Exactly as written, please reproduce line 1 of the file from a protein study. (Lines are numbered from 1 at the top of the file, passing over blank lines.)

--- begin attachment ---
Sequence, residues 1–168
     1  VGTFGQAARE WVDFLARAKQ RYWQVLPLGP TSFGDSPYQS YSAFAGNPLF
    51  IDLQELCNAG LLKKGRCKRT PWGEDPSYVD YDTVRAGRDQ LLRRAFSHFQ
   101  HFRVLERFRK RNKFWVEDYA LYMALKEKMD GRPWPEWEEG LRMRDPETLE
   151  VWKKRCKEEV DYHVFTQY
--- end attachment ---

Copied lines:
Sequence, residues 1–168